We meet the Willoweed family after the nearby river has flooded. Some of the family are wading on the lower floor of the house, and Ebin Willoweed has taken the girls out in the boat, from which they are observing the dead animals floating by.
The novel is almost entirely concerned with the Willoweeds. Ebin is a writer who lost his newspaper job years ago and hasn’t worked since. He lives in his mother’s ramshackle but enormous house with his three children, the entire household terrorized by his tyrannical mother.
The Willoweeds seem stuck in a monotonous existence. Ebin occupies some of his time by having an affair with the wife of the village baker. Emma, the oldest daughter, yearns for pretty clothes and shoes but has to be content with clumsy ones made in the village. Dennis and Hattie love playing in the river.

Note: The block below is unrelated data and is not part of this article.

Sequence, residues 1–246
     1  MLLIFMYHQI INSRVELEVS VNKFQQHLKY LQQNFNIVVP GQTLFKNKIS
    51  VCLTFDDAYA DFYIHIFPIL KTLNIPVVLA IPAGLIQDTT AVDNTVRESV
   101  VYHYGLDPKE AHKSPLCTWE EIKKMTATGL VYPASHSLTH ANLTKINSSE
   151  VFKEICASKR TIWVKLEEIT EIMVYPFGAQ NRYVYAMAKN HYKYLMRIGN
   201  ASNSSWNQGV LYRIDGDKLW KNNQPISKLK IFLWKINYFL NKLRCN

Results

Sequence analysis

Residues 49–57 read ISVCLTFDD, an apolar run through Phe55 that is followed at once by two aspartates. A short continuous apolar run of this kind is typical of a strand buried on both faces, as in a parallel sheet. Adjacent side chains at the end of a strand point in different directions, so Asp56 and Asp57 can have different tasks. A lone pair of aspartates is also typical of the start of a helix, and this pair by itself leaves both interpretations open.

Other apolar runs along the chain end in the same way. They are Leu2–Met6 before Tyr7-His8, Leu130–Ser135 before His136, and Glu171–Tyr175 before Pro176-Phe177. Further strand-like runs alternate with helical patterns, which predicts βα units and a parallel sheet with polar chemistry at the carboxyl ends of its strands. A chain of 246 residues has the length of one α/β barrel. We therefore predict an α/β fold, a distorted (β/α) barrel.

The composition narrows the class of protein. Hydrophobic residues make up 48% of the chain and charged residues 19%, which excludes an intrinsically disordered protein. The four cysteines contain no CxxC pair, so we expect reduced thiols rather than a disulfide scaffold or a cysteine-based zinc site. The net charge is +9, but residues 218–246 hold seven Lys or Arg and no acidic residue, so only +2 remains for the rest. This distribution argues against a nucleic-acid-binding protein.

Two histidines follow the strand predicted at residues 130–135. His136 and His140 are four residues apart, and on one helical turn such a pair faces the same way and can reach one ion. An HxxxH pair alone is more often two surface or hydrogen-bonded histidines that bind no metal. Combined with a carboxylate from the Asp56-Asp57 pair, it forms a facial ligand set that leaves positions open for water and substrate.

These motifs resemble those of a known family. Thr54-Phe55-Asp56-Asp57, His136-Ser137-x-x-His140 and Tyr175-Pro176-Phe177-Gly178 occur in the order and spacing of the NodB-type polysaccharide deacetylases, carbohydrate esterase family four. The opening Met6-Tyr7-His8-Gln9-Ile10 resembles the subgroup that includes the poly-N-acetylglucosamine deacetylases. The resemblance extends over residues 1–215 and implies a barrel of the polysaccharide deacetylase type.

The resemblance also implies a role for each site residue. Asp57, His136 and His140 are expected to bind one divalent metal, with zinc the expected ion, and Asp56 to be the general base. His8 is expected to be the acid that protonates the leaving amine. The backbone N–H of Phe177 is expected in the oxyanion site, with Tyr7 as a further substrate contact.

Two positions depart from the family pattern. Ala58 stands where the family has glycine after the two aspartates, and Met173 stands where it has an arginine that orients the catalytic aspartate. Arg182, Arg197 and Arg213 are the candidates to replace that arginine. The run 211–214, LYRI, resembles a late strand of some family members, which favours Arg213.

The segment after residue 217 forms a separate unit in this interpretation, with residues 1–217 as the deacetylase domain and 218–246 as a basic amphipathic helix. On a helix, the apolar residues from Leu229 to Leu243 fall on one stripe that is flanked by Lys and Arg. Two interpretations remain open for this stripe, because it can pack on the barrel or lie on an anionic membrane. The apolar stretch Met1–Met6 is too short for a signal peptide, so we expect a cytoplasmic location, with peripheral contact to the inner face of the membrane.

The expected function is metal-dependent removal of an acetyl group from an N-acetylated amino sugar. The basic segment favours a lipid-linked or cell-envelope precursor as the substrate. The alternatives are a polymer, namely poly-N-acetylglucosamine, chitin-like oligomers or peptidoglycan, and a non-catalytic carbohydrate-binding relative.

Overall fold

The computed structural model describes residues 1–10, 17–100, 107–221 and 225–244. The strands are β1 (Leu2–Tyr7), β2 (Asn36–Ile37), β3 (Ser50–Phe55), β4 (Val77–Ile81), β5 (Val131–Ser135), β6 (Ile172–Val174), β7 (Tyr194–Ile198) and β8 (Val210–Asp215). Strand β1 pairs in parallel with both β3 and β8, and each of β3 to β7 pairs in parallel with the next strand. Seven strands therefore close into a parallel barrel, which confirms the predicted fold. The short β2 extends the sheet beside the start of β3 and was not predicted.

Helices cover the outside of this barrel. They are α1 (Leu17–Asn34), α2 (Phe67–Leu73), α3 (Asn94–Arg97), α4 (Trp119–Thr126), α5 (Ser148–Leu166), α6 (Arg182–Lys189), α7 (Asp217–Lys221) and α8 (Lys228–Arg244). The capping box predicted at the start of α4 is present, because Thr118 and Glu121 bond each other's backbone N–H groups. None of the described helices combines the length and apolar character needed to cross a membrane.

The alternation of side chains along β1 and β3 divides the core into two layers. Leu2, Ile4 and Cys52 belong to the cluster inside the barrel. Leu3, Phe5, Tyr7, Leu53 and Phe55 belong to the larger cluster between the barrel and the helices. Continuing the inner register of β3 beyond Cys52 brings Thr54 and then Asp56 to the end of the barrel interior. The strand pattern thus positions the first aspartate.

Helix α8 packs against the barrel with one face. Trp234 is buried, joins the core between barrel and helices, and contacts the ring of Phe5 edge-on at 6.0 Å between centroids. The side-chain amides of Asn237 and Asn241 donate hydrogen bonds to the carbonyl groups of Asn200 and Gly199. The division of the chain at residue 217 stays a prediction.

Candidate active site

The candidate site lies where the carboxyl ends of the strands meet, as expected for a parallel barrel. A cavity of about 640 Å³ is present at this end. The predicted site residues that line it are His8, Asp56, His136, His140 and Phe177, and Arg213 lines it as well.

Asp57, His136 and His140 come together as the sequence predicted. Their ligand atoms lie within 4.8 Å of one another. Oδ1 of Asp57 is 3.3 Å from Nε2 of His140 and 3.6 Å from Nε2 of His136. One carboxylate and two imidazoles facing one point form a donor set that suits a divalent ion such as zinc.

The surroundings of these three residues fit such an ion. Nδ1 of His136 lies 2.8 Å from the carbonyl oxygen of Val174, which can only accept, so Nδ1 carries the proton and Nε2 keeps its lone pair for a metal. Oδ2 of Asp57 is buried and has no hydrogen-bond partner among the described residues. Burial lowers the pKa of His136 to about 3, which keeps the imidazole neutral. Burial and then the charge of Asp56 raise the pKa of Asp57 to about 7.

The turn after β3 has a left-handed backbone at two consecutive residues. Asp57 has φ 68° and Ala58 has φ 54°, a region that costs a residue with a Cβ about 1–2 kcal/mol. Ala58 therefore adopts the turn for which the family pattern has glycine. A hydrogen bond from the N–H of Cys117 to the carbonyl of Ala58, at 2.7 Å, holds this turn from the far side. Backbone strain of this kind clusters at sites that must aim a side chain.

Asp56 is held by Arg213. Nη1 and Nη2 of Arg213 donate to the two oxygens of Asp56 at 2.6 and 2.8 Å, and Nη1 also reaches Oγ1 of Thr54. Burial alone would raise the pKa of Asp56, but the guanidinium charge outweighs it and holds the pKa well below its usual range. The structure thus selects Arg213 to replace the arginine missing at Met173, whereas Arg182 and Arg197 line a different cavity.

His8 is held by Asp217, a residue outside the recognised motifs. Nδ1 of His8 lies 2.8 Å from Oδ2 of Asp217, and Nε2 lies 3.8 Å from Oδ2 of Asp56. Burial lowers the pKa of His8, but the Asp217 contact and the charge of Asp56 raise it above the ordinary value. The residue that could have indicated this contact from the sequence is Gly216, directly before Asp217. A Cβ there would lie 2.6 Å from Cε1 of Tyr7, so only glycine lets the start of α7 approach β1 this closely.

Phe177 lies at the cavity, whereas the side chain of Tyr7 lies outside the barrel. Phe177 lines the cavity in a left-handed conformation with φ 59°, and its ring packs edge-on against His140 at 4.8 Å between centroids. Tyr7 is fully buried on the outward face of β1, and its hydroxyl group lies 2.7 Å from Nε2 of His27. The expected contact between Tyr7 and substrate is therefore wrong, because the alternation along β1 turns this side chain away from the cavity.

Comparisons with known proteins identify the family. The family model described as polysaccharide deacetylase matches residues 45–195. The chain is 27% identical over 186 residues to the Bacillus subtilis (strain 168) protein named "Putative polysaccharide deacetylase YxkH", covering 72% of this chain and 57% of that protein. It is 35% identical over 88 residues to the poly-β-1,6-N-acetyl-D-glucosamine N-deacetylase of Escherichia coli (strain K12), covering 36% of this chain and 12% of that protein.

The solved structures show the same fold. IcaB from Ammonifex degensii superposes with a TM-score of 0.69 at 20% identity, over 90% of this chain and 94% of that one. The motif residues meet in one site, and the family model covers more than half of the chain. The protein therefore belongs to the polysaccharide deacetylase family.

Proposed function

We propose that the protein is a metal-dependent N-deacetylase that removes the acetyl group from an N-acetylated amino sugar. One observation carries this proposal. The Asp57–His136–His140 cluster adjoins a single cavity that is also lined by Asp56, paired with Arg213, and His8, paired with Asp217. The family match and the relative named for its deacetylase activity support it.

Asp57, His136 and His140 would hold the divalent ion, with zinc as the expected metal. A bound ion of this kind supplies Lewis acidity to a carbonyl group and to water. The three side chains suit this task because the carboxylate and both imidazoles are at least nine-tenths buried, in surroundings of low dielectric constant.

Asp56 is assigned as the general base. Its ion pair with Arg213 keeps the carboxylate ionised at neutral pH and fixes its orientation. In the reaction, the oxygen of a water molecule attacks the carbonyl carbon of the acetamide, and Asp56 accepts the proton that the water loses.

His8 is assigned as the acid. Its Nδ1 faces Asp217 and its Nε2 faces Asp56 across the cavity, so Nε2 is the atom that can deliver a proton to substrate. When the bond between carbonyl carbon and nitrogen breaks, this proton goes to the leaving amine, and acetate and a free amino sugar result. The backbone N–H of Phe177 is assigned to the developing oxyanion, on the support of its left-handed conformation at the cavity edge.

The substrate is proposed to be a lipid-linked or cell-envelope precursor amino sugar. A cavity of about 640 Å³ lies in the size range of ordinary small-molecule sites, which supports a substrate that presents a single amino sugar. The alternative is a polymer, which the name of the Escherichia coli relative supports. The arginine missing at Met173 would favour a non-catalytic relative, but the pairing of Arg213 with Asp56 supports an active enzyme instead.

Then a mysterious malady strikes the village. People begin to run mad and commit suicide. No one knows who will die next.
Who Was Changed and Who Was Dead is narrated with the same innocent simplicity of Comyns’ other novels, which deal with similar grotesque situations and characters. It’s one of the things that makes them so readable, yet so eerie.